A Holyrood lobbying firm that gave £12,000 to the Conservatives for breakfast and dinner events is directed by a former local chair of the party, The Ferret can reveal.
Electoral Commission records show that Glasgow-based Invicta Public Affairs gave the “sponsorship” donation to the Tories in 2018, which the lobbying firm said covered business events at a party conference.
Cummings was until recently the named chair of the local Tory party in East Dunbartonshire. But its website listed a different chairman after The Ferret approached the Scottish Tories. Cummings also lobbied the formerly East Dunbartonshire-based MSP, Maurice Golden.
Transparency group Unlock Democracy argued Invicta was facilitating a “lobbying merry go round” which “isn’t the healthiest for our democracy.”
The SNP condemned “jobs for the boys” between Tory politicians and lobbying firms, and demanded that Tory MSPs lobbied by Invicta publish any meeting notes.
Labour believed Invicta’s Tory donation helped the firm secure meetings for its clients and called for “a root and branch review” of company access to lawmakers.
Cummings argued Invicta had always supported the lobbying register and code of practice. His firm had always acted transparently and never employed a sitting politician.
Stephen Kerr and Invicta lobbying
Holyrood’s lobbying register shows that Invicta lobbied politicians on 95 occasions since March 2018, when the register was established, and 1 November 2021. The majority of meetings, 45, involved SNP MSPs.
Of the 28 times Tory MSPs were lobbied, Cummings was present on 20 occasions, including two where he lobbied his former employee, Kerr, who was elected as an MSP in May.
Kerr was lobbied by Cummings on behalf of the Wood Panel Industries Federation (WPIF) and the UK Marine Energy Council. According to his register of interests, Kerr earned £35-£40,000 a year “for occasional work” advising Invicta on “the marine energy sector and the wood panel industries” until 31 March.
Kerr was the MP for Stirling from 2017-2019. During this time he chaired the All-Party Parliamentary Group for the Wood Panel Industry, sitting alongside the WPIF director general.
Both the wood panel group and the Marine Energy Council, along with similar organisations, have been listed as Invicta clients at Westminster since 2015. These organisations feature alongside Lidl, Miller Homes and Optometry Scotland in Invicta’s Holyrood lobbying client list.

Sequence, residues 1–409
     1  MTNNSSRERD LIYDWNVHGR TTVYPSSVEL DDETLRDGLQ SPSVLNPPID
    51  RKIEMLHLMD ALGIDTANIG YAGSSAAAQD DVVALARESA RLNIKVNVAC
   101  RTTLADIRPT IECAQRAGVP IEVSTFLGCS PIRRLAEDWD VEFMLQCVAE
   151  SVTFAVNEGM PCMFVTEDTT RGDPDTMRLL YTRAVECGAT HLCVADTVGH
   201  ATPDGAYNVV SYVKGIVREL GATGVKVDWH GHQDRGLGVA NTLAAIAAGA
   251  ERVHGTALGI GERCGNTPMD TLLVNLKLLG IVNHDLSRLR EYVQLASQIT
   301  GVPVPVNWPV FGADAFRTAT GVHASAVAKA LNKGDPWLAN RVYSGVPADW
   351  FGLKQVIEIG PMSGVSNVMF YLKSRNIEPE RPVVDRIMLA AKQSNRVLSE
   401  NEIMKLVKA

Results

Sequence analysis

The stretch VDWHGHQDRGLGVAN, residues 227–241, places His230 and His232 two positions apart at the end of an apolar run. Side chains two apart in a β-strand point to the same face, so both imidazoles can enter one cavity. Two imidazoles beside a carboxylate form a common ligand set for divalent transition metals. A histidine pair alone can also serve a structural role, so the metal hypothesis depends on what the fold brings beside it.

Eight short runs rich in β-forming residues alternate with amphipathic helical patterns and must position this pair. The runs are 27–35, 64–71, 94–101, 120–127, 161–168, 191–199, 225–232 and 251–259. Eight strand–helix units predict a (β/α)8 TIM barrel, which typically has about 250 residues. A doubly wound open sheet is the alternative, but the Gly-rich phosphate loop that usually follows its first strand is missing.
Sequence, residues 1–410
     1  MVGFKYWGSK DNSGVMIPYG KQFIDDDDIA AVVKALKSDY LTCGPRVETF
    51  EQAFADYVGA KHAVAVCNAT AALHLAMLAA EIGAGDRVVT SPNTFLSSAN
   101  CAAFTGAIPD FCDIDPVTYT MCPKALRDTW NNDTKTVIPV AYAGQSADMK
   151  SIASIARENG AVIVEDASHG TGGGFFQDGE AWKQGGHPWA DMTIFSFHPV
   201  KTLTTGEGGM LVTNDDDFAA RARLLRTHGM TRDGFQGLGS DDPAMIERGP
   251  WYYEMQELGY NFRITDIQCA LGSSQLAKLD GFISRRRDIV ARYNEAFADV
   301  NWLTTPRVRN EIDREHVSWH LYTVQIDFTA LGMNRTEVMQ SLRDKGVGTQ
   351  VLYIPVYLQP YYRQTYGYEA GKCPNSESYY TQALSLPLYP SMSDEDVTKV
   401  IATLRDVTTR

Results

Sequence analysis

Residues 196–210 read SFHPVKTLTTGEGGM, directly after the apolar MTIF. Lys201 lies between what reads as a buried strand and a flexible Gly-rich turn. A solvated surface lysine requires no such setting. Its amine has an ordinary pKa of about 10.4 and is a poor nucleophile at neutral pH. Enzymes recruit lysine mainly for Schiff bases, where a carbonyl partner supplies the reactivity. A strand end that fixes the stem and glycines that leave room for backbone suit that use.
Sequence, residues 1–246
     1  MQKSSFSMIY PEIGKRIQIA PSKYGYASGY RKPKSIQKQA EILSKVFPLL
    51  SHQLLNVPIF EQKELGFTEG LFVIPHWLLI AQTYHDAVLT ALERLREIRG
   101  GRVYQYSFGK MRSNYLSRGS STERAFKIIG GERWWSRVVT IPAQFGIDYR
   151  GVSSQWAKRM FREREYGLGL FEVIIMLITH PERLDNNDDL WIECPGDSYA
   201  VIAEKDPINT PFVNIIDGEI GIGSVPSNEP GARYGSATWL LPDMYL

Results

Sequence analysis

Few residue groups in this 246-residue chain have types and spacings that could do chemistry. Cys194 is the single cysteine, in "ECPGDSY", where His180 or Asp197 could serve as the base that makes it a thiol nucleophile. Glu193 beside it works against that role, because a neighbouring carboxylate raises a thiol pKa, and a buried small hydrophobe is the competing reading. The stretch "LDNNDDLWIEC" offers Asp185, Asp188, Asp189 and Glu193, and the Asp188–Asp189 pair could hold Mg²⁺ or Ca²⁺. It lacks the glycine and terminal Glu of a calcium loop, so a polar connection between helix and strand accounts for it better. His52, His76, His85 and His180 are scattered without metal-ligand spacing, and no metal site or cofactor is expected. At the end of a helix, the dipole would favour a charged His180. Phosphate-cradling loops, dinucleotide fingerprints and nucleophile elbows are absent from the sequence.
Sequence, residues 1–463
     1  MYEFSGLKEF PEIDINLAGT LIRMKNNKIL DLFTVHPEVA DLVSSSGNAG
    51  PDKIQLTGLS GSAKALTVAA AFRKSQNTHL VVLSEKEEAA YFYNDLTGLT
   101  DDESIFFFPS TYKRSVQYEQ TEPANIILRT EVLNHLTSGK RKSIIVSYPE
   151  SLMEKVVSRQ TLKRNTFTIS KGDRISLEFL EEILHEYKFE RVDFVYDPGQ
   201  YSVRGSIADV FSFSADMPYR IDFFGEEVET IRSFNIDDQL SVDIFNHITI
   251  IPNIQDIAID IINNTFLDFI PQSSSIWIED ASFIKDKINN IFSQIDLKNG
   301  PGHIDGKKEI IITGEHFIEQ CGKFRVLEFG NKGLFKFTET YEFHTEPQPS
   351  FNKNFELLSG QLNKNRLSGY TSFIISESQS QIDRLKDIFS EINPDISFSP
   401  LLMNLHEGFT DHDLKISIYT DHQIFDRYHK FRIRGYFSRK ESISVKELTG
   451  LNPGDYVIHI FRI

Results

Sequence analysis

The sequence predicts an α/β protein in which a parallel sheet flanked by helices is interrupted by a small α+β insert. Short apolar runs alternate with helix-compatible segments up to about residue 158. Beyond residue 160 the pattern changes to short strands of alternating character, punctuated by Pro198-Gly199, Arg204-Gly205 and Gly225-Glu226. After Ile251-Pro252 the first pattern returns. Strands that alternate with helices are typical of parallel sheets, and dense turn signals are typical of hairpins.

As an MP, Kerr was central to an Invicta-sponsored event held at a Tory party conference where he interviewed then-environment minister, Michael Gove.
Invicta also sponsored an invitation only “business day lunch” with then-energy minister, Claire Perry.
Kerr lost his Westminster seat in 2019. He then became a paid consultant for several organisations, earning between £66-£92,000 a year, but quit all these roles by 31 March.
Tom Brake, director of Unlock Democracy, said: “This lobbying merry go round leaves me dizzy: A Westminster MP who heads up an All Party Parliamentary Group focused on the wood panel industry, who after losing his seat becomes a consultant for a public affairs company representing the wood panel industry.
“Then gets elected to the Scottish Parliament and ends up being lobbied by the public affairs company he used to work for, about… the wood panel industry.
“Whilst no rules have been broken, a revolving door that transforms a legislator to a lobbyist and back again isn’t the healthiest for our democracy.”
SNP MP Alison Thewliss said: “The continued rise of jobs for the boys between failed and current Tory elected members and private lobbying firms like Invicta Public Affairs is extremely concerning.